Tales from the library.
Followed by Fimbly Songtime
Francine and Brian learn a valuable lesson.
Maddy is captured.
Followed by Newsround
This week's winners compete for a prize.
Adventurous presenters have five days to master a new skill. (R) (S)
Followed by CBeebies Birthdays
Nina visits Jessica in Spain.
The Shadow steals the Big Town Crown.
The children look at stars through a telescope.
The postman hears strange sounds.
Little Bo loses her ribbon.
Repeats are not indicated
10.30 Maths Channel (ages 5-7)
10.40 Maths Channel (ages 5-7)
10.50 Watch (ages 5-7)
11.05 Tales of Europe (ages 7-9)
11.20 Focus (ages 9-11)
11.40 BBC Primary History (ages 7-11)
Parliamentary report with discussions and interviews.
City high-flyer Nicola Horlick is in the studio today offering her view of the stock market.
Editor Tracey Hobbs CONTACT: email working.lunchiSbbc.co.uk or visit www.bbc.co.uk/workinglunch
The semi-final action continues at the Crucible Theatre in Sheffield. it's the conclusion of the first match's second session plus the commencement of semi-final two. Ray Stubbs is in the chair, alongside former world champions Steve Davis and John Parrott.
Commentators are Clive Everton, Dennis Taylor , John Virgo and Willie Thome.
Digital viewers can watch full, uninterrupted coverage until the end of play via the red button
Quiz, hosted by Dermot Murnaghan.
Attention switches to the South East. Can Stuart
Gillies with his internationally influenced style triumph over Atul Kochhar with his unique take on modern British Indian cuisine? Both cook their entire menus for the judges. Repeated tomorrow on BBC1
Live action from the Crucible Theatre in Sheffield of the penultimate session of the first semi-final. It was at this stage last year that ultimate winner Graeme Dott eventually sealed a 17-11 win over
Ronnie O'Sullivan who, not unusually, found himself at the centre of controversy in the second session when he appeared to take the tip off his cue, forcing a 15-minute break. He escaped any punishment.
Digital viewers can access uninterrupted live coverage until the end of play via the red button
He arrived in Britain as an orphaned refugee from the Nazi invasion of Czechoslovakia without a penny to his name. By the time of his death in 1991 he was the charismatic and tyrannical tycoon at the head of a vast media empire. This drama starring David Suchet as Robert Maxwell charts the days when his world is collapsing, with cracks appearing in his business empire and how his obsession is growing with both power and his great rival Rupert Murdoch. Writer Craig Warner; Producer/Director Colin Barr
Read all about it!: page 12
PICK OF THE DAY MAXWELL David Suchet plays newspaper baron Robert Maxwell, who ruled by fear and died in desperation.
DRAMA OF THE WEEK Maxwell 9.00pm BBC2
There's a telling scene early in this drama about larger-than-life press baron Robert Maxwell. While dining with business associates on the roof of his Mirror Group HO, he invites them to join him in taking a leak over the edge of the high-rise building. "Don't the people below notice?" someone asks. "No-one notices anything!" Maxwell replies cheerily, something he might also be saying of his shady approach to business and the plunder of his employees' pension funds.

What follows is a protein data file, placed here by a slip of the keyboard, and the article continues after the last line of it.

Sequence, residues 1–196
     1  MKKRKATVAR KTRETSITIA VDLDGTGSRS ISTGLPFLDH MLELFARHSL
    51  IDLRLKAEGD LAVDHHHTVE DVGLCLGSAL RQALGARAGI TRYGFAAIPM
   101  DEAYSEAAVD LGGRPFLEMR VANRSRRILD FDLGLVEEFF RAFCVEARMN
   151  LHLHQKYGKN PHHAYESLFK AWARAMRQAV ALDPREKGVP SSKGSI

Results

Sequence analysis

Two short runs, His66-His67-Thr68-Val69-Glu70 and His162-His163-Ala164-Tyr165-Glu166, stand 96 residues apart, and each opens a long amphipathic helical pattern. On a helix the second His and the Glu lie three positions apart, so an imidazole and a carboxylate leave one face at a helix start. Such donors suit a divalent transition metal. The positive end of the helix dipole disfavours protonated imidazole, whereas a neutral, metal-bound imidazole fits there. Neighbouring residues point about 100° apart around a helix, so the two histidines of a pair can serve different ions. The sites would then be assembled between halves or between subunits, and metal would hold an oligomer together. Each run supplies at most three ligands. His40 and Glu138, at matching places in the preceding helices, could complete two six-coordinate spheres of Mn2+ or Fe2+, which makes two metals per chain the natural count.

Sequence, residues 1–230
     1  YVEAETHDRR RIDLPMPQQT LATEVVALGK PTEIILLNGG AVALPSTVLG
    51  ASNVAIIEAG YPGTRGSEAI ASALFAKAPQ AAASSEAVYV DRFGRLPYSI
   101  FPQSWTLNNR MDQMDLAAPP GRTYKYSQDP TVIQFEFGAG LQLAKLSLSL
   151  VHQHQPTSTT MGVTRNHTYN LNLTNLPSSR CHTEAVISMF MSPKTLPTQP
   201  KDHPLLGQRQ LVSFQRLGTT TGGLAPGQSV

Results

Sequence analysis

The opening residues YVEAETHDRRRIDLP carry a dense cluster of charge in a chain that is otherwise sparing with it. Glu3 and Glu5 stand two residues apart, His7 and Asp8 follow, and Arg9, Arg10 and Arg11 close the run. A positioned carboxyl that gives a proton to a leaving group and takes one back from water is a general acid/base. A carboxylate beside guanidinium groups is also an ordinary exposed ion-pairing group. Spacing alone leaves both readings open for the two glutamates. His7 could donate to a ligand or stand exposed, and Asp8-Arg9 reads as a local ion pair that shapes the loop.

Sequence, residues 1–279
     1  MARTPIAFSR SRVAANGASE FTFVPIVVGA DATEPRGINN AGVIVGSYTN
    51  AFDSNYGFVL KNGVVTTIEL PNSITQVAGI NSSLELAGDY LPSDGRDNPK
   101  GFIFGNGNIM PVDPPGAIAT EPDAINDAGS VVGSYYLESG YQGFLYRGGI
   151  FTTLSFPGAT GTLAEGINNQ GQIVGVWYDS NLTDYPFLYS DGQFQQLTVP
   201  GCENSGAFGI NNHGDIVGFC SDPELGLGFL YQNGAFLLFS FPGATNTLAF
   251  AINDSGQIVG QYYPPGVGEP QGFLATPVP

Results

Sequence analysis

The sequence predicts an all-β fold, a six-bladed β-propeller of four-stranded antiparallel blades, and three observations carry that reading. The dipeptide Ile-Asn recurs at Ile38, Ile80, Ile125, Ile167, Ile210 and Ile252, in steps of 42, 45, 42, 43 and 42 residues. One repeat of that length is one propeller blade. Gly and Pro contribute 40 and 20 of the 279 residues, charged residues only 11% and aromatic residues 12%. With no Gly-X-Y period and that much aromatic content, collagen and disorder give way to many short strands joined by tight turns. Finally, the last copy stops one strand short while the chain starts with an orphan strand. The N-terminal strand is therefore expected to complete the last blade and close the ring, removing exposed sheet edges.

David Suchet brilliantly captures the ursine pomp of Maxwell and his fruity growl. (Given Bafta's fondness for impressions - six of the eight acting nominations this year are for real-life roles -he'll do well next year.) He also conveys the desperation that sets in as Maxwell's business empire starts to unravel and he becomes a haunted figure, bugging his own staff and pursuing his secretary (My Family's Daniela Denby-Ashe, also superb).
It's a memorable performance in a gripping tale of business chicanery on a grand scale. One quibble: whoever thought of casting the wide-eyed Dan Stevens (from The Line of Beauty) as a city finance director needs to get out more. David Butcher Read all about it!: page 12
Kirsty Wark presents a comprehensive analysis of the day's events.
In-depth discussion of the week's cultural highlights, hosted by Hardeep Singh Kohli.
Series producer Tanya Hudson
New series 1/6. The acclaimed live music show is back for the 29th time, with the usual eclectic mix: the Arctic Monkeys perform new tracks; Bryan Ferry showcases tracks from his Bob Dylan covers album; nomadic Tuareg desert blues sensations Tinariwen highlight their new album; Brooklyn-based the Hold Steady make their Later.... debut; and respected producer Tony Visconti pops in for a chat.
Director Janet Fraser Crook ; Series producer Alison Howe
(SMHD) Phill Jupitus on the Hold Steady: page 36
Hazel Irvine presents highlights of today's semi-finals at the Crucible Theatre in Sheffield. With commentary by Clive Everton , Dennis Taylor ,
John Virgo and Willie Thorne.
The Immunity Syndrome. The crew investigate the death of an entire solar system.
2.15 A Private Little War. Kirk's reunion with an old friend turns sour thanks to some Klingons.
Lois's younger sister lavishes expensive gifts on the children during a visit.